A: With particular reference to IP professionals in Malaysia, awareness and knowledge of intellectual property has grown significantly over the past decade. As a result, clients have higher expectations of their IP advisers than they had in the past. Further, as the Malaysian economy is predominantly export-oriented, IP advisers must have good knowledge of foreign IP laws and developments, as well as a strong network of dependable and experienced foreign associates. Technological changes are also affecting IP practitioners, who need to be open minded about new ways of working and interacting with clients.
Azlina Aisyah Khalid, senior legal counsel
Q: What are the biggest challenges facing rights holders in Malaysia specifically?
A: The level of knowledge and quality of service by Malaysian IP firms on substantive matters vary enormously across the industry, which disadvantages first-time clients. Inconsistent practices by different official examiners at MyIPO is a challenge, as are unannounced and seemingly arbitrary changes in official practice from time to time. Outside Kuala Lumpur, there are still no specialised IP courts, so the lack of IP experience among judges calls for additional effort and strategy by practitioners in IP litigation.
Malaysia is not short of good inventors, authors or traders who are constantly creating new intellectual property, but their potential may not be being fully explored due to a lack of confidence in the marketplace, relatively low IP awareness and cost prohibitions.
Local rights holders continue to face some administrative challenges when seeking registration, especially when MyIPO’s e-filing system is often disrupted and riddled with technical difficulties. Although examination timelines have improved significantly over the years, MyIPO can continue to do its part by releasing official decisions expeditiously without any sacrifice in quality. We should emulate IP offices that constantly seek to bring the cost of IP protection down, where official fees decrease when the office runs more efficiently.
Q: Malaysia is tipped to join the Madrid Protocol in the near future. What impact will that have for both the market and IP firms and agencies?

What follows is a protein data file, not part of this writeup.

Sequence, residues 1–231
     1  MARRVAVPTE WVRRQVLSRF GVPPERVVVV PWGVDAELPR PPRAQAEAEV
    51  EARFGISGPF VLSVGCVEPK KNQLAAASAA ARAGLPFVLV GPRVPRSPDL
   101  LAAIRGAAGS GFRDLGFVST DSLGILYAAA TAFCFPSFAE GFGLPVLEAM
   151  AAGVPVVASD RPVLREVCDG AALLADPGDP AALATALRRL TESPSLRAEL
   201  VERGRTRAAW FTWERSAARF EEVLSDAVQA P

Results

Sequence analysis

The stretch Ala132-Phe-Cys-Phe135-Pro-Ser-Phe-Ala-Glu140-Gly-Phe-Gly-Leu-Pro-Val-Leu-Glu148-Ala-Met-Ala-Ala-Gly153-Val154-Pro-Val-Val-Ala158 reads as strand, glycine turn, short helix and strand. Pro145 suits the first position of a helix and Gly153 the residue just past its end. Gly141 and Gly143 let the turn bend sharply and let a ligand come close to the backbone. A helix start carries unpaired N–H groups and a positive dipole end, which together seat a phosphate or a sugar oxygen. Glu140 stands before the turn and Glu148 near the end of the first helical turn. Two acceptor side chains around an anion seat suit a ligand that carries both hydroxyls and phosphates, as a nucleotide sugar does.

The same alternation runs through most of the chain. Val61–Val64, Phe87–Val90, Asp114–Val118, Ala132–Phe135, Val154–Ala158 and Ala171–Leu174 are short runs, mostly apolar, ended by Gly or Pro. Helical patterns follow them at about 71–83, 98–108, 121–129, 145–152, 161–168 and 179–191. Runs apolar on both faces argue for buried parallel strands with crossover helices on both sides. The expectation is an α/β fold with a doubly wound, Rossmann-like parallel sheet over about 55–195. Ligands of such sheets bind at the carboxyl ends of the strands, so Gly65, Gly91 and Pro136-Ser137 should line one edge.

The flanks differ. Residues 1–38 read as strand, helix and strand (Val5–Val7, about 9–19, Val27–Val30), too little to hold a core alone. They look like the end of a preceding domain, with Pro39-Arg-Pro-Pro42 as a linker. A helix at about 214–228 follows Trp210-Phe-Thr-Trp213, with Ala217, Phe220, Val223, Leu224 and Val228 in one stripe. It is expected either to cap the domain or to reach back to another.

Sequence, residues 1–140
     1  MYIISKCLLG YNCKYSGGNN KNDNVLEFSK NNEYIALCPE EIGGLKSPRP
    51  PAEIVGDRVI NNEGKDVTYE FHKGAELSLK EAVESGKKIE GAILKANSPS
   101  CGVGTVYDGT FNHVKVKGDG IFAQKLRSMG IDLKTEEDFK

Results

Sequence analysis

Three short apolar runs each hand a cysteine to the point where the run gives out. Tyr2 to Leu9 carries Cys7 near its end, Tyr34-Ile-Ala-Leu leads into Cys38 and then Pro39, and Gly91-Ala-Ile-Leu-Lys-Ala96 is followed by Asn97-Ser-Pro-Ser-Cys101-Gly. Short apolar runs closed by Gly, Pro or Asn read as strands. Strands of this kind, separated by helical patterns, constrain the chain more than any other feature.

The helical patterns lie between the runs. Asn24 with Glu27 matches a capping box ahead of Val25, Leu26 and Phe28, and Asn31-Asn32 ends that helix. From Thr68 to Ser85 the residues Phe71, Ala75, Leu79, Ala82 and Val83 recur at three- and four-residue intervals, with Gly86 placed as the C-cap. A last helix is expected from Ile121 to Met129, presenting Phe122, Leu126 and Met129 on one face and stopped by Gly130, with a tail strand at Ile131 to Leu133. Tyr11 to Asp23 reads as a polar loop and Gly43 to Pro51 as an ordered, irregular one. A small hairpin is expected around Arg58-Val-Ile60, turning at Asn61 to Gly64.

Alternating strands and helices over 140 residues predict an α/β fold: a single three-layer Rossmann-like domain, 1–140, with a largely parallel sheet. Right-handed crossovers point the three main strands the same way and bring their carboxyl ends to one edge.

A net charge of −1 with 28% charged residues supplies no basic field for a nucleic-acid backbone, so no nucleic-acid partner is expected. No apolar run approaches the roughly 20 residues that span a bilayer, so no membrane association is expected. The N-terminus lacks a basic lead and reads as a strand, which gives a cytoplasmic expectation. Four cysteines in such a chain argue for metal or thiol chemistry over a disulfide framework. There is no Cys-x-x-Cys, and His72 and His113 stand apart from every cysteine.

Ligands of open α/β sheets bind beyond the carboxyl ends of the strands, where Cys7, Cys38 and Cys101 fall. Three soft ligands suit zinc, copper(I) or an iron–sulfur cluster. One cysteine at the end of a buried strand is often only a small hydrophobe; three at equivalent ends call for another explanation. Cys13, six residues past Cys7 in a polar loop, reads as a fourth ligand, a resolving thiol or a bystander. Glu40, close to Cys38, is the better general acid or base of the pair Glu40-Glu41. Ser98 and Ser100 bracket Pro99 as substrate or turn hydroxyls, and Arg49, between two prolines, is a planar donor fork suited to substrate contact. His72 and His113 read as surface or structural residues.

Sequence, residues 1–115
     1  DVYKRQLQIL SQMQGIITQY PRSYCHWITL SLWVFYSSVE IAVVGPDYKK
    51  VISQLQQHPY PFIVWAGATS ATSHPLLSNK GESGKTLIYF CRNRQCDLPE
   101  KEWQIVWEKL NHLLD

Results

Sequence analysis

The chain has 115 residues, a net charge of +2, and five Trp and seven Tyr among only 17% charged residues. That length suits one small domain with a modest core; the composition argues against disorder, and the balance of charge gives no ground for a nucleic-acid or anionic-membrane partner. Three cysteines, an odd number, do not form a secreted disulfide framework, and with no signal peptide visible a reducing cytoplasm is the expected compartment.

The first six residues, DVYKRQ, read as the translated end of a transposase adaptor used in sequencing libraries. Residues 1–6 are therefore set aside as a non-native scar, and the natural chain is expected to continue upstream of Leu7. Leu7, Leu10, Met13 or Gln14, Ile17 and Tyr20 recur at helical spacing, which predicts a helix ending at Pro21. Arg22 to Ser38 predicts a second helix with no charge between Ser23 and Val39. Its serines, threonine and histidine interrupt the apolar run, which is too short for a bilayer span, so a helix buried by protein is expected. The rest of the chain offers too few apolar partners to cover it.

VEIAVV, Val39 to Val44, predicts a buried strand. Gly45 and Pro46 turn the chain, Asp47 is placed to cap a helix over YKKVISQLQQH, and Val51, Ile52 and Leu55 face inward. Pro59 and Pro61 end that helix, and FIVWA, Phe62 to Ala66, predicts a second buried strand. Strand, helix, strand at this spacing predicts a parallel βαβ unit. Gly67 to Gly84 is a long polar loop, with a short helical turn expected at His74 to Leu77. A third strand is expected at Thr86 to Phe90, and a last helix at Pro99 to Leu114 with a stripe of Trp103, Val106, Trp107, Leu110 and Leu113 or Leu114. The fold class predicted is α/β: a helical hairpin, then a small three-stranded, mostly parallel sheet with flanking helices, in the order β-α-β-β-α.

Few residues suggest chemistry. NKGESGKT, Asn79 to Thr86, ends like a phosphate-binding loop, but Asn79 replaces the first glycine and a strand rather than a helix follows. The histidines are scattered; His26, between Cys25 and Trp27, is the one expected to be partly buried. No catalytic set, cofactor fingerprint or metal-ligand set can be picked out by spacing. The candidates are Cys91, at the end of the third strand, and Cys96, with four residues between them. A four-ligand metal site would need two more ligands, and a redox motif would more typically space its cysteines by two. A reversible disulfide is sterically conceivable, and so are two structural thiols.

A: Malaysia’s accession to the Madrid Protocol is long overdue and we are still waiting for the relevant trademark legislation to be amended and enforced. The delay means that local brand owners are unable to easily file overseas using the Madrid route as they have to incur additional costs for filing in each country nationally.
In order to take full advantage of the international registration system, Malaysian trademark owners must be able to have a business expansion vision that extends beyond their current domestic market and considers new markets that will best fit their business platform. It is hoped that MyIPO can seek to expand its role beyond a trademark originating office and bridge the gap between the IP community and local and international trade, promoting other areas of protection beyond the main branches of intellectual property.
On the IP practitioner front, in view of the imminent accession to the Madrid Treaty, most if not all local agencies and IP law firms have made preparations such that, when the new system is finally in place, we will be ready to diversify our core businesses by shifting our focus on higher-end trademark prosecution and enforcement.
Q: How are client demands changing, and what impact has that had on your practice?
A: As in many other industries, clients are increasingly time and cost conscious. While these are reasonable concerns, we are also helping clients to appreciate the value of a thorough examination of their intellectual property so that granted rights can be properly enforced or can withstand attack.
Similarly, many clients demand instantaneous answers and more than one solution to an issue that they may be facing. Responsiveness is a given, but we must remain one step ahead in anticipating clients’ needs. This involves keeping pace not just with local IP knowledge, but also with foreign law and practice, as well as being well connected internationally, as there is considerable interest in overseas IP protection.
Q: What qualities make for a successful IP attorney/lawyer?
A: Patience, humility, resilience and creativity. A successful IP attorney must keep pace with the ever-changing landscape in this robust field; not only in terms of legal developments, but also to meet the changes in clients’ needs and demands. This requires an attorney to interact open-mindedly with clients. They must be creative and must recognise that there can be more than one solution to any IP problem.
Q: Finally, if you were to give one piece of advice to practitioners starting their career in IP, what would it be?
A: This is not a job, it is a career. Although it is desk based, the desk looks different every day. Be flexible and evolve as practice and client demands change over time. Always be willing to learn, especially from clients.
For new practitioners starting out in the IP world, a key understanding of basics is of paramount importance as the foundation must be strong in order for individuals to thrive. As intellectual property is also a creative endeavour, practitioners must be innovative enough to provide real business solutions for their clients.